So this is how you get into the Ivy League. Be a smart student athlete!
The financial-aid enhancements have had a profound effect on the quality of athletic recruits. Rosters are now fortified with top athletes who would have turned down the Ivy League in the past because they would have been asked to pay $20,000 to $30,000 per year more than at other colleges.
“We’re seeing a significant change in the caliber of the student-athlete,” said Steve Bilsky, the University of Pennsylvania’s athletic director, one of more than 50 Ivy League administrators and coaches interviewed. “It’s not even the same population because the pool has widened. We see a considerable number of student-athletes turning down athletic scholarships from places like Stanford, Northwestern or Duke to come to Penn.”
Andy Noel, Cornell’s athletic director, said: “Eighty percent of our best recruits in the current freshman class would not have come here 10 years ago because we couldn’t match other schools’ offers. The impact has been enormous. And will continue to be.”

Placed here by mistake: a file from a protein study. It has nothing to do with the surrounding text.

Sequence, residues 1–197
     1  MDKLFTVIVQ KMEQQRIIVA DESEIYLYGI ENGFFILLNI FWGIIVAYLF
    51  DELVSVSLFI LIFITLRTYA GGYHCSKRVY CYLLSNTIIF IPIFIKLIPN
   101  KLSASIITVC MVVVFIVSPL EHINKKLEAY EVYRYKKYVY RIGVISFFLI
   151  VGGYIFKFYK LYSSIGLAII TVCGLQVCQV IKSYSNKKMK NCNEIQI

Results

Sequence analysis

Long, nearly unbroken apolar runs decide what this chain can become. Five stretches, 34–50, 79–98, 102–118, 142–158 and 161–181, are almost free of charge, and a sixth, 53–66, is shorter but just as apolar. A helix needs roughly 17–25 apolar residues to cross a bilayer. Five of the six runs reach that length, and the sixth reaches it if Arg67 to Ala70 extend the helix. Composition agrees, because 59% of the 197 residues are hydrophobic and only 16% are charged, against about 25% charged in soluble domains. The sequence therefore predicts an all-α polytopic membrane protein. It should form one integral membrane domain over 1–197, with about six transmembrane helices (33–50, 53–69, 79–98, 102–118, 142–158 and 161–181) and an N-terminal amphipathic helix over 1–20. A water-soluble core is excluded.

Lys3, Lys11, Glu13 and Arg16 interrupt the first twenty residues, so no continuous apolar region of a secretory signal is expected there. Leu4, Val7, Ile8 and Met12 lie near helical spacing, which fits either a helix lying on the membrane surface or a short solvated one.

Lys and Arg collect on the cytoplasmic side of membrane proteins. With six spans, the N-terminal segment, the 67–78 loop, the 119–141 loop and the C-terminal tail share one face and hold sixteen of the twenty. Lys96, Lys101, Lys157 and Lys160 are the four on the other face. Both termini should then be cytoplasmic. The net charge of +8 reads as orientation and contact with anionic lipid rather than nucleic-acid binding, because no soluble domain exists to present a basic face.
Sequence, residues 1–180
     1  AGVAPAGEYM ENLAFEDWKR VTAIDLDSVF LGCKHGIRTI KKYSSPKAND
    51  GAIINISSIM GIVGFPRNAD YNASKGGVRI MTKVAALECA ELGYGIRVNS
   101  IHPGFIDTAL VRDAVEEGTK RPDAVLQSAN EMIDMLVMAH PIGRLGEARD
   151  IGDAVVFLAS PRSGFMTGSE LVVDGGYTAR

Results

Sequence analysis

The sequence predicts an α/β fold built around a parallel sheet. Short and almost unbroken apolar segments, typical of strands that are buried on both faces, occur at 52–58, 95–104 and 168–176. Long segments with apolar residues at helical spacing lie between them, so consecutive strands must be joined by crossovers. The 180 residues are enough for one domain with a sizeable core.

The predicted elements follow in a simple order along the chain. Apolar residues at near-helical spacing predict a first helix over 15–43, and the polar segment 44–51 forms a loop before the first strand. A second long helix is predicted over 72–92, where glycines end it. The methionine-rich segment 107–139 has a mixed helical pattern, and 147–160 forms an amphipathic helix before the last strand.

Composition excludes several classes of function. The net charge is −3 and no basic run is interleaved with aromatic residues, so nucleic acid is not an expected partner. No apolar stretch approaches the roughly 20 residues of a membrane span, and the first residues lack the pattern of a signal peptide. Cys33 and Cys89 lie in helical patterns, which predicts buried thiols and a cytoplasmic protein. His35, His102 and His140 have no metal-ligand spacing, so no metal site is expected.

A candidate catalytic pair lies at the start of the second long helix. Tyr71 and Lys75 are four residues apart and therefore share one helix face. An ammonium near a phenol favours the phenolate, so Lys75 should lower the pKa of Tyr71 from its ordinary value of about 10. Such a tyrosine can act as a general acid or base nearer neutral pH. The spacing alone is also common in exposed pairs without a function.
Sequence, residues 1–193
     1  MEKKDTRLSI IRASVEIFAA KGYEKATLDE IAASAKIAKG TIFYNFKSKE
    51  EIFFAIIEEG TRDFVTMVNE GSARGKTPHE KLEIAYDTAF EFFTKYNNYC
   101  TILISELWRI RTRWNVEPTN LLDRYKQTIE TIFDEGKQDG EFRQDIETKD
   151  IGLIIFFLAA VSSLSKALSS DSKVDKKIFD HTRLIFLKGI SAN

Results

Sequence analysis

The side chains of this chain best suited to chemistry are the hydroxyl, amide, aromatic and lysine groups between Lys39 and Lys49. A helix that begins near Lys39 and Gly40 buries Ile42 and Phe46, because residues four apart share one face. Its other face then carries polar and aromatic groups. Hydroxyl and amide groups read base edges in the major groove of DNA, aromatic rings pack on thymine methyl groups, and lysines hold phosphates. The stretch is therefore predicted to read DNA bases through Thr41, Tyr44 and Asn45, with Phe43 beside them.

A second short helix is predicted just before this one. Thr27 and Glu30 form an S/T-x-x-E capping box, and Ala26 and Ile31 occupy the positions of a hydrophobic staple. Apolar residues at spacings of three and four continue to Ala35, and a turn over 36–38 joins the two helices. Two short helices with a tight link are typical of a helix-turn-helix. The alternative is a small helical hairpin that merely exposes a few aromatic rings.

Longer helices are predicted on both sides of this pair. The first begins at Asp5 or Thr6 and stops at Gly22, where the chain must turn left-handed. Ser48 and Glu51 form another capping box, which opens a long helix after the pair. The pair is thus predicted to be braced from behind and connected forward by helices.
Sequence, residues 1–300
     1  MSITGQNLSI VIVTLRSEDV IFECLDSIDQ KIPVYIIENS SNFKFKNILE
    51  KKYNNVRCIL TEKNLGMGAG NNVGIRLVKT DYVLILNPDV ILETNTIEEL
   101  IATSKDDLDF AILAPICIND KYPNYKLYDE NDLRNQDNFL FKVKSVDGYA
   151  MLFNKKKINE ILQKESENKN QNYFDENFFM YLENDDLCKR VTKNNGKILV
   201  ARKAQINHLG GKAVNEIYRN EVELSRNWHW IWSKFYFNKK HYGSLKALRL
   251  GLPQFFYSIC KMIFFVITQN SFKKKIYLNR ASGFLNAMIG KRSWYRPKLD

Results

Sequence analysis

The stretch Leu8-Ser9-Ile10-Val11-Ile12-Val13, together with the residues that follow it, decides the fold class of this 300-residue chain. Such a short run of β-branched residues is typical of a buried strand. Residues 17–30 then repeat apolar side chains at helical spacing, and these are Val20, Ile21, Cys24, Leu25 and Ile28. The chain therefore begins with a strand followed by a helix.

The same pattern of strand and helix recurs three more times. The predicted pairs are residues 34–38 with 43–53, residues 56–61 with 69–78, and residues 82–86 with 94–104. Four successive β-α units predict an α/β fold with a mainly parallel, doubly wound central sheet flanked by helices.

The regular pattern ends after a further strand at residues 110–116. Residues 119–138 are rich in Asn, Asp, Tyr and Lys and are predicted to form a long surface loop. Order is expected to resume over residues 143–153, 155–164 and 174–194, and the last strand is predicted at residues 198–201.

A recruited Ivy League athlete must have the academic credentials to survive the stringent and highly selective admissions process at each institution. Coaches have little sway in the admissions process, although they do provide a list of potential athletes to admissions officials. Across the league, about 13 percent of each university’s incoming class is composed of athletes chosen from coaches’ lists.
But the new, plentiful financial aid awards have permitted Ivy League coaches to compete head-to-head in the same recruiting arena as some big-time scholarship programs. And in sports like baseball, soccer, wrestling or lacrosse, where most athletic scholarships are split into partial scholarships worth a half or a quarter of the cost to attend, it is not uncommon for an Ivy League financial aid package to be superior to the athletic scholarship.